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Virginia Gov. Mark Warner granted clemency today to a convicted killer (the sentence was commuted to life in prison). According to the AP, Robin Lovitt would have been the 1,000th person executed in the United States since the Supreme Court reinstated the death penalty back in 1976.

“No case has been more troubling,” Warner said Tuesday on WTOP radio in Washington. “There’s no case I’ve spent more time thinking about, praying about.”

Warner, a Democrat, has never granted clemency in the nearly four years he has been governor. During that time, 11 men have been executed.

Is Lovitt guilty of the crime? Who knows, because the evidence that could have proven it one way or another has been lost.

Lovitt’s lawyers, who include former independent counsel Kenneth Starr, and anti-death penalty advocates had argued that his life should be spared because a court clerk illegally destroyed the bloody scissors and other evidence, preventing DNA testing that they said could exonerate him.


Karla Faye Tucker wasn’t as lucky as Lovitt. She and 152 others didn’t stand a chance of getting clemency from the “Christian” Governor of the Great State of Texas, George W. Bush:

Texecutioner: During his six years as governor of Texas presided over more executions than any other governor in the recent history of the United States. Tucker was executed in 1988 and was the first woman executed in the U.S. since 1984; the first in Texas since the Civil War.

In the weeks before the execution, Bush says, a number of protesters came to Austin to demand clemency for Karla Faye Tucker. “Did you meet with any of them?” I ask. Bush whips around and stares at me. “No, I didn’t meet with any of them,” he snaps, as though I’ve just asked the dumbest, most offensive question ever posed. “I didn’t meet with Larry King either when he came down for it. I watched his interview with Tucker, though. He asked her real difficult questions like, “What would you say to Governor Bush?” “What was her answer?” I wonder. “Please,” Bush whimpers, his lips pursed in mock desperation, “don’t kill me.” I must look shocked–ridiculing the pleas of a condemned prisoner who has since been executed seems odd and cruel–because he immediately stops smirking.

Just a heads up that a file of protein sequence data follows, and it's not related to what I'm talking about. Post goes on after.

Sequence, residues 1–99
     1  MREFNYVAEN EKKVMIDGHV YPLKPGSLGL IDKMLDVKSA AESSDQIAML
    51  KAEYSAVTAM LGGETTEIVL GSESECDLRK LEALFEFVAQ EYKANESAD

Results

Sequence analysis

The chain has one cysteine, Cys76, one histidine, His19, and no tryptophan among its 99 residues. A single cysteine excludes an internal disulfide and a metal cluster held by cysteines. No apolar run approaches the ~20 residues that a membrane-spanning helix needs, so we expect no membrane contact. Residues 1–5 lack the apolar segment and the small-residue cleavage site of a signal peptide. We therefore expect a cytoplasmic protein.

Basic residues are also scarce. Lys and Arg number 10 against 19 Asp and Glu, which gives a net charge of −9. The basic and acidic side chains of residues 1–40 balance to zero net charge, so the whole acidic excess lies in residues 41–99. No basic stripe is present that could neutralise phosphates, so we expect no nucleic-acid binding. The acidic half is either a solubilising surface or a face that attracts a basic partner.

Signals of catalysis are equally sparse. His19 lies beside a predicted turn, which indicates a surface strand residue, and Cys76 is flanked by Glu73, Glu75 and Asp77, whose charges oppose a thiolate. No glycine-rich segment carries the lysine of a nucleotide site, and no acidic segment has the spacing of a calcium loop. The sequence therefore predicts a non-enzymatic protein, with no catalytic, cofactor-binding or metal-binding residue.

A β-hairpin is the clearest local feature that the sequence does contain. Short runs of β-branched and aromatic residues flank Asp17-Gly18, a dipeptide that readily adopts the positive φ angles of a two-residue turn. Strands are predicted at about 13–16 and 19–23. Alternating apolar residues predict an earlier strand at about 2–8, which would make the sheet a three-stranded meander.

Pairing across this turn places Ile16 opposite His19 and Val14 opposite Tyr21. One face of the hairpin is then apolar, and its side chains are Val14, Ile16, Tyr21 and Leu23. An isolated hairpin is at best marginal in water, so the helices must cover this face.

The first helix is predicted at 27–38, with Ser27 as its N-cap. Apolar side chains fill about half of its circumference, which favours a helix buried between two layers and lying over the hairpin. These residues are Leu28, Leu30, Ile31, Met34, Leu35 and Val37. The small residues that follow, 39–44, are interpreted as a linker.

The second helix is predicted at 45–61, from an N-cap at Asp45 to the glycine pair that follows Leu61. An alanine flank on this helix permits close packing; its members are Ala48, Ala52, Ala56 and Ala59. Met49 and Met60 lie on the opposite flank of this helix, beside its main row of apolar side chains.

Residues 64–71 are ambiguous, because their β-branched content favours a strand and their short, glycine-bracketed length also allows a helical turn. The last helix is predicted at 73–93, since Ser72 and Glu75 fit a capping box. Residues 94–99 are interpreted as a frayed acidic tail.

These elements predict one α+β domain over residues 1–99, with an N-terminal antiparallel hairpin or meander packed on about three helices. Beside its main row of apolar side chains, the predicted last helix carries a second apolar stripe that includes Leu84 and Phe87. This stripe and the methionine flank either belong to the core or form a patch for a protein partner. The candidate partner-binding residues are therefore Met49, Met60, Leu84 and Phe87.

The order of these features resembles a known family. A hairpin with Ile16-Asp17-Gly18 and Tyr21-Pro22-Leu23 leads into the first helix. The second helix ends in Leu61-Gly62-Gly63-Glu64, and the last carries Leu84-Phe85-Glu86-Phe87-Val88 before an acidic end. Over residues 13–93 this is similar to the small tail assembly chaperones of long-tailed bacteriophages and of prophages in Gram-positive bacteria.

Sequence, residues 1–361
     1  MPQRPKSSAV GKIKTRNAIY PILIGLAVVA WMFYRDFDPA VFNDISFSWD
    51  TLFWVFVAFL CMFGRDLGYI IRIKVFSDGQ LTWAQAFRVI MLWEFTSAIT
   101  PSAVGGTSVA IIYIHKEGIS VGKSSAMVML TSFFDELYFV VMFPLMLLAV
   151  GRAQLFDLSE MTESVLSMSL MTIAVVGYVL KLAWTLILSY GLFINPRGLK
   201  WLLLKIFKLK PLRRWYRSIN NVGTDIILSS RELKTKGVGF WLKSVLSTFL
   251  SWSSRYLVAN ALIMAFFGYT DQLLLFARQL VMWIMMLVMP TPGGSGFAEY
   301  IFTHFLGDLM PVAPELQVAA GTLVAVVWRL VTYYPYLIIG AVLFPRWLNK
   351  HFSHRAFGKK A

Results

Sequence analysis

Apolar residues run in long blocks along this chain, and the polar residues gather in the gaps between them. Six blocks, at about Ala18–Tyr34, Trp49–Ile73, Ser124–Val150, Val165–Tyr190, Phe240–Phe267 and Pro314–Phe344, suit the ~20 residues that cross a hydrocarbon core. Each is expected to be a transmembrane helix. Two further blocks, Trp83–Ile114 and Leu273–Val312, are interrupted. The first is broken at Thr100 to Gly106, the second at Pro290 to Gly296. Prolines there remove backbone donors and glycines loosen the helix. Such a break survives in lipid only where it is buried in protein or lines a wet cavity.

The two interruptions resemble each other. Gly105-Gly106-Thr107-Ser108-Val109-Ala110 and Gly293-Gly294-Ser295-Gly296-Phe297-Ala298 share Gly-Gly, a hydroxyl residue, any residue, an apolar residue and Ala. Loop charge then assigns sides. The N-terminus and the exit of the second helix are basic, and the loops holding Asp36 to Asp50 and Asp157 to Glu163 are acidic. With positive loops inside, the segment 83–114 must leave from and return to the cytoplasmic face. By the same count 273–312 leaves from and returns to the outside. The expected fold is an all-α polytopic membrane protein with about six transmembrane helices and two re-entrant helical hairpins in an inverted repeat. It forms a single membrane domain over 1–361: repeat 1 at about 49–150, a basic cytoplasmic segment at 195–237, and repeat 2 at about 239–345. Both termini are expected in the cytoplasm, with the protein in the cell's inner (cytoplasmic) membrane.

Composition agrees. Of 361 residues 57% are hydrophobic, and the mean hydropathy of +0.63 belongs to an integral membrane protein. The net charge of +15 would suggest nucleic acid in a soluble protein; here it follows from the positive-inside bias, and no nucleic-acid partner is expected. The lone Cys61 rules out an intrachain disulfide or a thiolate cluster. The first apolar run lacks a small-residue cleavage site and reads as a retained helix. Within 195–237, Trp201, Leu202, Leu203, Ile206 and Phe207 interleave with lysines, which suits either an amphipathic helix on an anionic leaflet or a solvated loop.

– Time Magazine

By the way, now the 1,000th execution is scheduled for Friday in the Tar Heel State. Kenneth Lee Boyd is slated to die for the murder of his estranged wife and her father.

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Pam Spaulding

Pam Spaulding